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Gideon & Otto Reprint Edition
Contributor(s): Dunrea, Olivier
ISBN: 0544430611     ISBN-13: 9780544430617
Publisher: Houghton Mifflin Harcourt
    OUR PRICE: $3.60  
Product Type: Paperback - Other Formats
Published: April 2015
Qty:
Annotation: Otto, a stuffed octopus, is Gideon's favorite friend and goes everywhere with him, but one day Otto doesn't stay right where Gideon put him, in an irresistible story about friendship that is now presented as a Green Light Reader. Includes bonus audio download. Simultaneous.
Additional Information
Library of Congress Subjects:
Geese; Fiction.
Toys; Fiction.
Rabbits; Fiction.
BISAC Categories:
- Juvenile Fiction | Animals | Farm Animals
- Juvenile Fiction | Lifestyles
- Juvenile Fiction | Toys, Dolls, Puppets
Dewey: [E]
LCCN: bl2015013472
Lexile Measure: 280
Academic/Grade Level: Kindergarten, Ages 5-6
Series: Green Light Readers. Level 1
Book type: Easy Fiction
Physical Information: 9.00" H x 6.00" W x 0.25" (0.20 lbs) 32 pages
Accelerated Reader Info
Quiz #: 149097
Reading Level: 1.2   Interest Level: Lower Grades   Point Value: 0.5
 
Descriptions, Reviews, Etc.

Contributor Bio(s):
Olivier Dunrea is the creator of beautiful and well-loved children’s books. A painter and a sculptor, his work centers around farms, animals, architecture, and folklore. He lives in the tiny village of Narrowsburg, New York, in the Catskill Mountains.


Reviewed by Horn Book Guide Reviews (Horn Book Guide Reviews 2012 Fall)
A new gosling joins Dunrea's farmyard. Gideon "likes to play. All day" until he collapses in a tiny heap atop a haystack. Otto introduces Gideon's "favorite friend," a stuffed-toy octopus. The two are briefly separated; their reunion is a sweet surprise. Seemingly simple, the art is filled with clever, kid-beguiling details. [This review covers Gideon and Gideon & Otto.]

Reviewed by Horn Book Magazine Reviews (Horn Book Magazine Reviews 2012 #2)
A new gosling has arrived to join the farmyard fun and games in this series that began with Gossie and Gossie & Gertie (rev. 1/03). Gideon is a "small, ruddy gosling who likes to play. All day." Play all day is right -- even after his mother calls him in for a nap. "No nap! I'm playing!" says Gideon repeatedly, until all played out, he collapses in a tiny heap atop a haystack. As with the earlier books, preschoolers and their caretakers will be amused by these oh-so-familiar battles. The arc of Gideon's activity aptly depicts a child's growing exhaustion: first chasing the piglets and playing tag-the-mole, he then listens to bees buzzing and plays quietly (and, one would guess, slowly) with a turtle. Gideon & Otto introduces Gideon's "favorite friend," a stuffed-toy octopus. Constant companions, the two are briefly separated when Gideon goes off to romp with the rabbits; their reunion is a sweet surprise. Dunrea's pictures are as beguiling as ever, with charmingly undersized animals -- the mole and rabbits are even smaller than little Gideon. Seemingly simple, the art is filled with clever details kids will appreciate, such as when Gideon's mother calls him, her head and neck low to the ground at first, then rising higher with each successive (ignored) request until she's bellowing at the sky. Every child and parent will feel that Dunrea has written these books for, and about, themselves. jennifer m. brabander Copyright 2012 Horn Book Magazine Reviews.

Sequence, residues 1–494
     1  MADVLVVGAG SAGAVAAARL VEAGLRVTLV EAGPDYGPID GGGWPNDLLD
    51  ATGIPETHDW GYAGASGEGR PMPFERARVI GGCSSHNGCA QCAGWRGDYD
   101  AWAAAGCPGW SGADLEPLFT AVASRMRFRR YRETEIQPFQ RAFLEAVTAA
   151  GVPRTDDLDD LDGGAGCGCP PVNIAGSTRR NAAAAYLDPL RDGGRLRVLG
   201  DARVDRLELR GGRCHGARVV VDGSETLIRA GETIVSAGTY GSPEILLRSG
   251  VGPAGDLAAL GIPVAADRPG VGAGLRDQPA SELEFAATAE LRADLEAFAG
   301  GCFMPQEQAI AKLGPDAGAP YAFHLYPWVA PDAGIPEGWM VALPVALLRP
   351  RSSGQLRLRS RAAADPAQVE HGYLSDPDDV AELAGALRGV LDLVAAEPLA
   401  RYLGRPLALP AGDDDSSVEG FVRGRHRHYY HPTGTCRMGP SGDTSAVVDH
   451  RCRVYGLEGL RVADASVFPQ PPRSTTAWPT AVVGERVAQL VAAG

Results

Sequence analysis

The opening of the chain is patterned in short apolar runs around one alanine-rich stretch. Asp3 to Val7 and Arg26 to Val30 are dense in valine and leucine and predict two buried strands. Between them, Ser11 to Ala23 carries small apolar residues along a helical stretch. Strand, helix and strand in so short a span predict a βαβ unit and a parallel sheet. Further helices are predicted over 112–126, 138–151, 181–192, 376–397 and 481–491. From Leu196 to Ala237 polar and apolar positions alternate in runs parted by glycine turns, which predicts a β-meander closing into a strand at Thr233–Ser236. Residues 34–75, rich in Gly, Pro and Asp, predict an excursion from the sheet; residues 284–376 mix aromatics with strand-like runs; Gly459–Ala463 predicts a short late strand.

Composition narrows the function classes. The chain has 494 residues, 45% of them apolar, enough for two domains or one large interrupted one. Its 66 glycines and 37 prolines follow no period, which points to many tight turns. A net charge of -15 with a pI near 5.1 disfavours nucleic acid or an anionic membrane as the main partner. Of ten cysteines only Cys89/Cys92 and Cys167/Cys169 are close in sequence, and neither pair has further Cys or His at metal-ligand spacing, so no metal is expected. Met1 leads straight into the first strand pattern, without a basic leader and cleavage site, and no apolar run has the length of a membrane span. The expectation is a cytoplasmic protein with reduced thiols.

Reviewed by School Library Journal Reviews (SLJ Reviews 2012 January)

PreS—Gideon is a "small ruddy gosling who likes to play. All day." This fun-loving, feathered fellow explores the farm and engages in such activities as "chase-the-piglet," "find-the-eggs," and "tag-the-mole." His mother calls, but Gideon keeps replying, "No nap! I'm playing!" After climbing to the top of a haystack and snuggling down in the straw, sleepiness wins out. In Gideon and Otto, children meet the gosling's favorite friend. When the toy octopus goes missing, a search of the leaf pile and pond ensues. Otto's triumphant return is on the back of a turtle. Dunrea's ink-and-watercolor illustrations capture Gideon's ebullient personality—feathers fly when he is racing to his next adventure, and his beloved stuffed toy is tucked under his wing when he is quietly reading a book. With their pitch-perfect texts and charming characters, these stories are ideal for toddlers.—Linda Ludke, London Public Library, Ontario, Canada

[Page 74]. (c) Copyright 2011. Library Journals LLC, a wholly owned subsidiary of Media Source, Inc. No redistribution permitted.